Goldman Sachs, a key adviser on Deliveroo’s car crash market debut last week, is brushing aside a storm of protest and is already preparing to unleash its second giant tech listing this year.
Sources last night said Goldman Sachs and Morgan Stanley were on track to sell shares in financial technology giant Wise next month with a valuation of up to £5billion.
Wise, which counts Virgin’s Sir Richard Branson as an investor, is one of the ‘tech stars’ that Chancellor Rishi Sunak hopes will make London a prime venue for Initial Public Offerings – the public sale of shares on the stock market.
Flop: Deliveroo saw £2billion wiped off its value on its stock market launch day
The Government commissioned Tory peer Lord Hill and ex-Worldpay boss Ron Kalifa to lead sweeping reviews of IPO rules in a bid to lure fast-growing, tech-savvy firms to Britain. But Deliveroo’s disastrous week, which saw £2billion wiped off its value on its first day of trading, has been a huge setback.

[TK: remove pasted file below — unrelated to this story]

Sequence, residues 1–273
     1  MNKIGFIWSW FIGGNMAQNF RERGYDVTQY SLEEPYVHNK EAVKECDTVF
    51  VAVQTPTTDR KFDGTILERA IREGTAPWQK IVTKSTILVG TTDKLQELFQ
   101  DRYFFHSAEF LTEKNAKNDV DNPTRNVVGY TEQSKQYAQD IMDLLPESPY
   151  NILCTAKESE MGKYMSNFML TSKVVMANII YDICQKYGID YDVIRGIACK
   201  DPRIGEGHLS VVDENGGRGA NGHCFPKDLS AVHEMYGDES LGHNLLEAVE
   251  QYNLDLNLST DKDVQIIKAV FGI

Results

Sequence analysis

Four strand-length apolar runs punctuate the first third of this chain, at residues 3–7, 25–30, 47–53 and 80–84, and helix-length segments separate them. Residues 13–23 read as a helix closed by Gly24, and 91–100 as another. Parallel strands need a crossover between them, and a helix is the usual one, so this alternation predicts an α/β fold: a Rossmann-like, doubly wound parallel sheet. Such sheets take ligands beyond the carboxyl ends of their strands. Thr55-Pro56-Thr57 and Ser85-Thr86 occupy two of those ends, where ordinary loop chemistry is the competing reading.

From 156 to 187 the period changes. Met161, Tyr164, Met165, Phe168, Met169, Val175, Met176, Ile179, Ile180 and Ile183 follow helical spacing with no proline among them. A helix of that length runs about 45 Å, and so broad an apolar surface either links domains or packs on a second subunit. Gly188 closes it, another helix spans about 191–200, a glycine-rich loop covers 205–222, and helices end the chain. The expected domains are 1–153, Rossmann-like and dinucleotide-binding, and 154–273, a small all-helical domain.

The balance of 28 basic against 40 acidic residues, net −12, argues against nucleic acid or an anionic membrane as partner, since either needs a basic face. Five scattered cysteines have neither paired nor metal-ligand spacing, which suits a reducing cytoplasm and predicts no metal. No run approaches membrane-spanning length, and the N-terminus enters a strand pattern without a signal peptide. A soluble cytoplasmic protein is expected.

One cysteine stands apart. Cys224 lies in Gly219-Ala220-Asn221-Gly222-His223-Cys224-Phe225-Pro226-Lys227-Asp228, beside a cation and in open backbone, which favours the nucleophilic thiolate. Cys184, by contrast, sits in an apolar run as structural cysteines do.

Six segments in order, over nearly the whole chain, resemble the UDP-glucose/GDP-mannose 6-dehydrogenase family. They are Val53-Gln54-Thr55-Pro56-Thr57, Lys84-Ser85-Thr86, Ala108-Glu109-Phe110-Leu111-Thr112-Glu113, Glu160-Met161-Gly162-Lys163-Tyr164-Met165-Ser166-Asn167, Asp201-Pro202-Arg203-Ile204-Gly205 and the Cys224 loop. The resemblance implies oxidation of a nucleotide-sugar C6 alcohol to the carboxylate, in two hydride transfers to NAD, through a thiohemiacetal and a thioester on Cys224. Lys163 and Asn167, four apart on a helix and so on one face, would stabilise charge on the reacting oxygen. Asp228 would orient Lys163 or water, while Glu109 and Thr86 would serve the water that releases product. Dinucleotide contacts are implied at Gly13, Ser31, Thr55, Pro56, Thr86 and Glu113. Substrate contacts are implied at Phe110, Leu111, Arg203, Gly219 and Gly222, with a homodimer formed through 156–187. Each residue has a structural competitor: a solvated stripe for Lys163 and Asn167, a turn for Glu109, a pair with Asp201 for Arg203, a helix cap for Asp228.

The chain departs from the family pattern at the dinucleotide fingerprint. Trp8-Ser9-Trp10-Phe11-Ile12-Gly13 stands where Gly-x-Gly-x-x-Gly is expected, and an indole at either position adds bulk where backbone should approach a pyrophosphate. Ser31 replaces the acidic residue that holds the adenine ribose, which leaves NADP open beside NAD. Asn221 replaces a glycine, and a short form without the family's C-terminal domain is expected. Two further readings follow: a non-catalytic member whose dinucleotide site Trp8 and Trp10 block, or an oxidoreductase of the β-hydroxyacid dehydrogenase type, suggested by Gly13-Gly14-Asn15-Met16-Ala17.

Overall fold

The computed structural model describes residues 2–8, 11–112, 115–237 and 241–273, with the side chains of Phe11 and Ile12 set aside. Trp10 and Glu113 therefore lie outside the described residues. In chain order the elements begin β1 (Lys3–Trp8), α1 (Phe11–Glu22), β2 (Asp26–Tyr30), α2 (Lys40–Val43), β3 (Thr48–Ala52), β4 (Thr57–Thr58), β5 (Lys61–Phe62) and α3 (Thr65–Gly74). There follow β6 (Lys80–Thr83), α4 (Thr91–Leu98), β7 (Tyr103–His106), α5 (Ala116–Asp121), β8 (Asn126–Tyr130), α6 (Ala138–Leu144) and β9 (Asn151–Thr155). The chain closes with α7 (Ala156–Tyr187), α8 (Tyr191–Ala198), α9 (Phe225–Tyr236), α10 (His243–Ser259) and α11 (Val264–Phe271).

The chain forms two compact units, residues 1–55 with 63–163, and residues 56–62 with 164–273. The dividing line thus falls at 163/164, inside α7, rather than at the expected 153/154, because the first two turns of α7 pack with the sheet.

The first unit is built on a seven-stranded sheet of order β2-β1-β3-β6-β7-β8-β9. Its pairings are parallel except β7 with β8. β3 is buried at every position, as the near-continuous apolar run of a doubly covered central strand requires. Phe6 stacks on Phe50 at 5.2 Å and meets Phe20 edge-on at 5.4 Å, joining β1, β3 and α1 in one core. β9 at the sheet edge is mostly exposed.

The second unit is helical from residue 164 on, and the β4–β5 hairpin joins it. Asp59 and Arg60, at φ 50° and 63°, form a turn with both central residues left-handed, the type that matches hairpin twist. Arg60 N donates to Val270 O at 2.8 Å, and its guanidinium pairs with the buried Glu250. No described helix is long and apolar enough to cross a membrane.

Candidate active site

Goldman Sachs and five other banks that led the Deliveroo share float risk losing about £18million in fees following a backlash from investors, according to one report.
Goldman came under fire when it floated lender Funding Circle in 2018 after shares fell as much as 24 per cent on its first trading day.
But sources close to the fintech Wise said Deliveroo’s bitter experience had ‘no bearing’ on its plans to list. Wise has been profitable since 2017 – in stark contrast with many loss-making start-ups including Deliveroo, sources said.
Wise was among ‘tech stars’ whose representatives met with Prime Minister Boris Johnson last year. Kristo Kaarmann, co-founder of Wise, recently told the MoS: ‘We certainly are one of the largest tech companies in London – and one of the fastest growing ones.